Bernie the model
One of the people living with Parkinson’s and has completely re-invented himself is Bernie. He is an inspiration to many others, becoming a passionate artist after closing down his real estate business when he was diagnosed with the disease. Bernie also loves music and has a good sense of humour. We told him about our plan to create wobbly dashboard dolls and he just loved it. He offered to be the model and that’s how our Bernie dashboard doll was born!
The 3D Scannning
We were fortunate to meet Shane Rolton, from Wysiwyg 3D, who are experts in 3D scanning, printing and digitisation. Shane listened with interest to our idea, and then he shared with us that his grandfather had Parkinson’s. He saw an opportunity to use Wysiwyg’s expertise to contribute to a good cause. It took only about 10 minutes with a portable 3D scanner to scan Bernie. It was fascinating to see how quickly the 3D model appeared on the computer screen and Bernie had fun looking at his digital ‘minime’.
3D Printing of the prototype
Wysiwyg printed a few smaller versions and we worked together to modify the figure with a little spring so that it would ‘wobble’ when moving it. It was fun driving around the block to test if the figure wobbled on the car dashboard. Our final version is now in production, and can be purchased by going to this link:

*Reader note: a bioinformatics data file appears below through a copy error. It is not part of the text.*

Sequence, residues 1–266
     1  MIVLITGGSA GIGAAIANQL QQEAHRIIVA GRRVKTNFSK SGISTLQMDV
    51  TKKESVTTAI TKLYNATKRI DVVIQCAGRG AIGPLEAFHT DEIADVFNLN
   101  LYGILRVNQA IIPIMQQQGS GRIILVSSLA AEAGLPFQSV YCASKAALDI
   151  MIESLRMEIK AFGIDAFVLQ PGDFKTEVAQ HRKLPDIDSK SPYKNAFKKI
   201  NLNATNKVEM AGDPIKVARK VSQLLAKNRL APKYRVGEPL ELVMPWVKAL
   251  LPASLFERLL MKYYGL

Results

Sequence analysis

The Garvan Institute of Medical Research
The Garvan Institute of Medical Research is one of Australia’s leading biomedical research institutes, pioneering study into the most widespread diseases affecting our community today, including cancer, neurodegenerative and mental diseases, disorders of the immune system, diabetes and obesity, osteoporosis and other skeletal disorders.
A special thanks to all who helped…
So what’s next for “It’s Not Funny’?
About Bernie’s Paintings
“My work is spontaneous, instinctive and organic.
It grows with every splash or drop of paint.
The thoughts that inspire initially often change as the work progresses.
The application can be by great big bold strokes to small intimate marks.
Every painting comprises a series of layers with each layer creating
greater depth and texture.
I am always looking for different methods of application from using
traditional instruments such as brushes and palette knives to water pistols and even the garden hose.”
About It’s Not Funny
It’s Not Funny is a community action that gives people living with Parkinson’s disease a voice to share something positive. Through photography, words, film and humour we hope to kick start a wave of positivity in the community. In so doing, we hope to create a destination for people with PD and as well as the general public, to come together and to feel more at ease with the disease.
Our focus is to raise awareness for the disease, and this event at the Garvan Institute of Medical Research is one of many campaigns that It’s Not Funny initiates. Please support our efforts by buying a Bernie Wobbly Doll or ordering a book or simply just give a donation.